Canadian oat prices, which declined close to half a dollar a bushel during harvest, are reported to have been steady in recent weeks due to low U.S. oat supplies.
“Since early harvest, oats have probably lost C30 to 40 cents a bushel, but they’ve held in relatively well recently,” said Ryan McKnight, a merchant for Linear Grain at Carman, Man. “One of the reasons is that oat supplies in the U.S. have dwindled, which is why we’re seeing these inverted futures markets and strong basis levels.”
“I’ve also been hearing that there are logistics issues getting product from Western Canada to the U.S.”
According to Prairie Ag Hotwire on Tuesday, delivered-to-elevator Saskatchewan oats are valued at $2.46-$2.51 per bushel, up from $2.39 per bushel a week earlier, but still down from $2.79 per a bushel a month earlier.
However, McKnight said, there is still a possibility oats could see further losses, depending what happens to the value of corn.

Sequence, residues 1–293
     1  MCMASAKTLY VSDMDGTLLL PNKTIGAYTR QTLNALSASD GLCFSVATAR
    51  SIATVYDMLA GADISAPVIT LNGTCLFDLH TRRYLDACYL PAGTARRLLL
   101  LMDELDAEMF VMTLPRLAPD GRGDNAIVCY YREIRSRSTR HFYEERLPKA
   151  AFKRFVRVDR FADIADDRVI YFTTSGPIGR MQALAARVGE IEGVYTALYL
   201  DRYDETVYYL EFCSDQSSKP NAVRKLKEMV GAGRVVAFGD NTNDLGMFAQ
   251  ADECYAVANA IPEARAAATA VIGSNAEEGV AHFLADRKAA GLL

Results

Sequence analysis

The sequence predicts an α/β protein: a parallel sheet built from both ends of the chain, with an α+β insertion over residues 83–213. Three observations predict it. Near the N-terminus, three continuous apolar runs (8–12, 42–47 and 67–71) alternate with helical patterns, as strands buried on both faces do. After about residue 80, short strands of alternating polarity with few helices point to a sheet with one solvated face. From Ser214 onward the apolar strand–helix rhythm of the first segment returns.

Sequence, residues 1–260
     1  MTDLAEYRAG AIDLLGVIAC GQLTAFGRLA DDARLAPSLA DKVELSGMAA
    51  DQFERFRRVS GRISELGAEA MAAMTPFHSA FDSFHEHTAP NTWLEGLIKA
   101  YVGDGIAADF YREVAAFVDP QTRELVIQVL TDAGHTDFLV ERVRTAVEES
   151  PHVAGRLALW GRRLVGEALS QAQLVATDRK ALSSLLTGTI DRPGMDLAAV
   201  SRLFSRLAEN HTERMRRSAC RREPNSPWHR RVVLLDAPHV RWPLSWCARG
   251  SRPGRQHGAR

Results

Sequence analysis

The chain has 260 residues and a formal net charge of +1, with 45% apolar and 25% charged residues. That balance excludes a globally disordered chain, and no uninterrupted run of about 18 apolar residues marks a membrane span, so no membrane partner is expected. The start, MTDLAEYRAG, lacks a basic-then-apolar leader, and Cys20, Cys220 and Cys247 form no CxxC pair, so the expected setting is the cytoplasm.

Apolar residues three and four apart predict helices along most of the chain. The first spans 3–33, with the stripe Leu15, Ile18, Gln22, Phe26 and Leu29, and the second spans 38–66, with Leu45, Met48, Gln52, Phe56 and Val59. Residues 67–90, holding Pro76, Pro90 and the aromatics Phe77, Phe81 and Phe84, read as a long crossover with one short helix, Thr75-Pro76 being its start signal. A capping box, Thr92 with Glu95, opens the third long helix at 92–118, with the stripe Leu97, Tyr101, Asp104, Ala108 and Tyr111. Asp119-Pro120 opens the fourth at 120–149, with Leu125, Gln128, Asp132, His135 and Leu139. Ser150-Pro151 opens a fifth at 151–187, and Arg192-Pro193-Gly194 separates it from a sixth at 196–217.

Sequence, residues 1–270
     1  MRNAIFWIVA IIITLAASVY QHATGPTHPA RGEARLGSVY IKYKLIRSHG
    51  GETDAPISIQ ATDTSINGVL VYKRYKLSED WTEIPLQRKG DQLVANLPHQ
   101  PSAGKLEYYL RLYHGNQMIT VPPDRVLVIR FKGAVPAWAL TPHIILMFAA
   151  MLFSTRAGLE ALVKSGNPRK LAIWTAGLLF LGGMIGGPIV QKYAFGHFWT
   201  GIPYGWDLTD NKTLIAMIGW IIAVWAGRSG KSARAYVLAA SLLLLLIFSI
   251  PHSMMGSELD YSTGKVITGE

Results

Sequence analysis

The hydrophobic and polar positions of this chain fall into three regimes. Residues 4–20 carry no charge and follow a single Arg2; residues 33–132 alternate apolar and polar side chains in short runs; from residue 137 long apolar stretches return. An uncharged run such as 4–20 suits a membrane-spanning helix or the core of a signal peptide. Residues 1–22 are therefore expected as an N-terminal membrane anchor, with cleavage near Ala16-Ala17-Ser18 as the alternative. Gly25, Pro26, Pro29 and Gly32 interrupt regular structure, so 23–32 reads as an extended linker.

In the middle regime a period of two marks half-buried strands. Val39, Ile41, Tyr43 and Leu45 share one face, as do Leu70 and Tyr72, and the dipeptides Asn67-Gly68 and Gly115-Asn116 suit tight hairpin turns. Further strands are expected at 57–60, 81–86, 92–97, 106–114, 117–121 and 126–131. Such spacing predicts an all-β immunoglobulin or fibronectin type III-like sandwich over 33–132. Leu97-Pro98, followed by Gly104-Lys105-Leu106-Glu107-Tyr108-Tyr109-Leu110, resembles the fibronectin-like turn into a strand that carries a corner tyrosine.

“I’m not sure what percentage of the corn harvest is done, but if we see pressure on the corn futures, we’ll possibly see some spillover pressure into oats,” he said. “There could be some more downside in the near term.”
According to Saskatchewan Agriculture’s Oct. 10 crop progress report, 77 per cent of the oat crop has been combined, seven per cent is ready to be combined, 11 per cent has been swathed, three per cent is still standing, and two per cent is greenfeed.
Statistics Canada has the 2013-14 crop producing 3.163 million tonnes of oats, the largest since the 4.273 million-tonne crop in 2008-09.
In terms of yields, McKnight said he’s been hearing good news from crops across the Prairies, but noted there could be some quality concerns.
“Yields are above average,” he said. “There are still some oats out there, so quality will definitely be questionable on that stuff.”
“However, for the most part, oat quality is good.”
— Brandon Logan writes for Commodity News Service Canada, a Winnipeg company specializing in grain and commodity market reporting.